Huawei is getting serious about the US market. Like Xiaomi, Oppo and OnePlus, it’s one of several Chinese manufacturers looking to expand their global influence. Huawei taking a bit of an unorthodox approach to it, however.
Rather than selling a spec-driven flagship like the P8, Huawei’s going after an increasingly competitive midrange market with the P8 Lite, going on sale today for $249 unlocked. It’s selling on Amazon.com and Huawei.com first, and will hit physical retailers like Best Buy “soon.” To compete with carrier subsidies, Huawei is providing up to twelve-month financing via Affirm as well.
You get a respectable set of innards for the price. It’s powered by the octa-core Snapdragon 615 clocked at 1.5Ghz, comes loaded with 2GB of RAM and provides 16GB of mercifully expandable storage. The microSD card slot also doubles as a second SIM card port – both of which are LTE-capable.
Imaging wise – there’s a 13MP shooter on the back a 5MP module on the front. No optical image stabilization or other fancy hardware, but photos in a dimly lit conference room looked surprisingly clean; Huawei says that’s thanks to multi-shot noise-reduction. And of course, there’s a beauty mode to keep your skin looking smooth (or plasticky).
You’ll be viewing those pictures on a Gorilla Glass 3 panel with a resolution of “only” 1280×720, but at a relatively small 5-inch screen size (remember when that was considered was huge?), the display comes in at 293 ppi. That’s nearly “Retina-class” and in my brief time with the phone, it looked reasonably sharp with well-controlled colors.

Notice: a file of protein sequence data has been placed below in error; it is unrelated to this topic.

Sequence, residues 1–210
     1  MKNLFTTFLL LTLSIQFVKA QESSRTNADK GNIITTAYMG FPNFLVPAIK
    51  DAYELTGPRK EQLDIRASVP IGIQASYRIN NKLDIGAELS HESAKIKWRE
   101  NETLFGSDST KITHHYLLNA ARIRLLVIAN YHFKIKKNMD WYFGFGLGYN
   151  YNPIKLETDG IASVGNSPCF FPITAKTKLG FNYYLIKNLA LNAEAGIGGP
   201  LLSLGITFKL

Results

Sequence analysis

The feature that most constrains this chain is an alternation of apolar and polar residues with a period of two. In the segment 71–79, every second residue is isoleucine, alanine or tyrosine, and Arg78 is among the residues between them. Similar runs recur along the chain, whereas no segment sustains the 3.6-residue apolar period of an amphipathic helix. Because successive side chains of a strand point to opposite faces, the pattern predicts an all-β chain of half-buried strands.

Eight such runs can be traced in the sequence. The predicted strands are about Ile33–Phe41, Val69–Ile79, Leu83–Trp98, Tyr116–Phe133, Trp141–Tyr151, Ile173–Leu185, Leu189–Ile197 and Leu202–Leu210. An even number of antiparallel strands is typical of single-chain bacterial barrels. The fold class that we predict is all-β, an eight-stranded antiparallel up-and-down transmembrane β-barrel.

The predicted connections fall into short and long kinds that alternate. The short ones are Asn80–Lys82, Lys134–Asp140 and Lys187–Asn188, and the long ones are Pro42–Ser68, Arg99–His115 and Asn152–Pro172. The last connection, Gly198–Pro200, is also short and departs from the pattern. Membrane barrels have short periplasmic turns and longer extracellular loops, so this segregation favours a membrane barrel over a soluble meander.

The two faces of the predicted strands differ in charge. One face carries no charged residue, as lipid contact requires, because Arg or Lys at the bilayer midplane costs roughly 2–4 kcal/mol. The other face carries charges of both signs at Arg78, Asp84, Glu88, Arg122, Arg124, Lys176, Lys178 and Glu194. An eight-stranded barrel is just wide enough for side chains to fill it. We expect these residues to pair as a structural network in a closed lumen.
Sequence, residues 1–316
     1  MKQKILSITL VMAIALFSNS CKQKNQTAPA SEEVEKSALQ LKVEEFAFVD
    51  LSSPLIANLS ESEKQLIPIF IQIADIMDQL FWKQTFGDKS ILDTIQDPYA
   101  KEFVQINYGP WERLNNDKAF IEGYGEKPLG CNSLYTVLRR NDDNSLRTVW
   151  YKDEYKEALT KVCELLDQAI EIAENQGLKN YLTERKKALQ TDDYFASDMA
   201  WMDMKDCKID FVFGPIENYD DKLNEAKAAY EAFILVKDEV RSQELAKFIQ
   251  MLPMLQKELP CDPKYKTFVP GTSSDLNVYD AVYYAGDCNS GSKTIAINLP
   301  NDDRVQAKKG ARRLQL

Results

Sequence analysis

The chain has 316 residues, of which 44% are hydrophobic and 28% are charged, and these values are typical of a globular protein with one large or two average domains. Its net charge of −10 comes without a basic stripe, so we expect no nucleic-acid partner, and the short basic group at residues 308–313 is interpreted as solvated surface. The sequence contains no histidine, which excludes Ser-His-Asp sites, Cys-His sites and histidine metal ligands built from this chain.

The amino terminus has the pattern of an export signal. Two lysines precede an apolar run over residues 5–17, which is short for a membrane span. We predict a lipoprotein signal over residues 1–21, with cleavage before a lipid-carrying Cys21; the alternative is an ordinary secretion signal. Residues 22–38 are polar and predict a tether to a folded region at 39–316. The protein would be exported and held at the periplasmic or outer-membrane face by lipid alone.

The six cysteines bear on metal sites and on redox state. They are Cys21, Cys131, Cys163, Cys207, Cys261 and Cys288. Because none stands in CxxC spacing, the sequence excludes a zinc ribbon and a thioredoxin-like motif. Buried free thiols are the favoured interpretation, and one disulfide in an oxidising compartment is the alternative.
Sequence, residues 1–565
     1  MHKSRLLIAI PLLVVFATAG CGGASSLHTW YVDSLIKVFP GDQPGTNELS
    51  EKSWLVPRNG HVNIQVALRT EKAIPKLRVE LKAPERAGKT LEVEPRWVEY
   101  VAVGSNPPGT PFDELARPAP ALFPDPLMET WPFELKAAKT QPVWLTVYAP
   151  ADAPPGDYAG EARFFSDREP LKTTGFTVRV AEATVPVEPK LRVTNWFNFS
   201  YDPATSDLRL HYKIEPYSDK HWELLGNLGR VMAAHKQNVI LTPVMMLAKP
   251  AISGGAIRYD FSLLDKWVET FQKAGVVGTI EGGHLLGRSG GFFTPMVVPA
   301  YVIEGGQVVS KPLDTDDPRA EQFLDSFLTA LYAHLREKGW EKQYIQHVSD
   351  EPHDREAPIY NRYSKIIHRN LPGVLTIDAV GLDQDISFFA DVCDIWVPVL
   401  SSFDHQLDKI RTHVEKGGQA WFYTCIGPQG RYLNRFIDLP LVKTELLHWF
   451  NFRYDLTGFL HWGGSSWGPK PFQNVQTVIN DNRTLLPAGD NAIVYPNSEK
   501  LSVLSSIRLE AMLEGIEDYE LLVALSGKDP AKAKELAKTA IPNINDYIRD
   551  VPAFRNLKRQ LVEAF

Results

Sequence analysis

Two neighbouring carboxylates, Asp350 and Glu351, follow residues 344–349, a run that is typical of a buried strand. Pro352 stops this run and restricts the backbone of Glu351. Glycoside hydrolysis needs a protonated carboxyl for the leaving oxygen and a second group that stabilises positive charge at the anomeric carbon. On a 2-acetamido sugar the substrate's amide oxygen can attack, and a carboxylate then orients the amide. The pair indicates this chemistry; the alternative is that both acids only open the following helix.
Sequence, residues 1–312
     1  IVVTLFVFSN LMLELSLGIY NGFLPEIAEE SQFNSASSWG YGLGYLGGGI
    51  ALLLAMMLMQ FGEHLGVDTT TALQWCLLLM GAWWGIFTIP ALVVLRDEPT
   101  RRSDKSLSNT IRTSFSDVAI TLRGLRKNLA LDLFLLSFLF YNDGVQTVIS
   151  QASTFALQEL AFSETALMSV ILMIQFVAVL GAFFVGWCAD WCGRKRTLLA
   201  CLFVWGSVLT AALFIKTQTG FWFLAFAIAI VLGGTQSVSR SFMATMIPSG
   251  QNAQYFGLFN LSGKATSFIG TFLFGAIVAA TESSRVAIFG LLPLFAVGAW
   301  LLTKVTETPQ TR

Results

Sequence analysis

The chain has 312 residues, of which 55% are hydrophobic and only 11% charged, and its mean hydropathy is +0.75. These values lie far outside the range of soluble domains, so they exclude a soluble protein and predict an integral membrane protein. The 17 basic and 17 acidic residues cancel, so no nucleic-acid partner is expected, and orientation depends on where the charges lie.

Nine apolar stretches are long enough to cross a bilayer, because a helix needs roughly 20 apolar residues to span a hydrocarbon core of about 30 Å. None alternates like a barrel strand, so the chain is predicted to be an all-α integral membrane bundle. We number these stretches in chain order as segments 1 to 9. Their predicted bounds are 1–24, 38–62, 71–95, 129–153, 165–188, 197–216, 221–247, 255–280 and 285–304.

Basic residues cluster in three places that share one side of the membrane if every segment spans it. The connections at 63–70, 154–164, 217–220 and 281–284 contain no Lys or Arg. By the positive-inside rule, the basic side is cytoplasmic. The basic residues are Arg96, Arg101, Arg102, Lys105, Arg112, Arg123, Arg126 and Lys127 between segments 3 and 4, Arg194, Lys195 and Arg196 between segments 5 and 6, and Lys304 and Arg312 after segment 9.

Besides, the lower resolution probably helps offload some processing power. The phone felt snappy, and we’ve previously found Huawei’s Emotion UI to be relatively light. We’re thankfully in an era where you don’t need the latest and greatest specs for a phone to perform well.
As for battery life, the P8 Lite comes with a 2200 mAh unit; that’s small by today’s standards, but we’re also dealing with a 720p display and a midrange processor, so we’ll see how it holds up in the real world. Huawei rates it at 11 hours of talk-time.
Design-wise, it looks a lot like a smaller, version of the flagship P8. That’s not say it’s bad though. The frame around the sides of the phones remains metal (with an ever so slight goldish tint on my white model), the volume rocker and a power button are refreshingly clicky, and the bezels are quite small.
It fits a 5-inch panel into a body a fair bit smaller than the HTC One M8, and the smaller bottom bezel in particular means it’s pretty easy to reach up for the notification bar – the litmus test for one-handed usability on Android.
My one complaint is the faux-brushed metal texture on the back. It’s not particularly garish or conspicuous, but at first glance, I think the phone would be better off without it. Still, at least it’s pretty grippy and helps keep the phone light.
It’s hard to say how much Huawei will be able to dig into the US market with a budget model – especially without selling it through phone carriers – but at least it looks like a solid offering so far if you don’t want to destroy your wallet on a new phone. Stay tuned for our full review soon.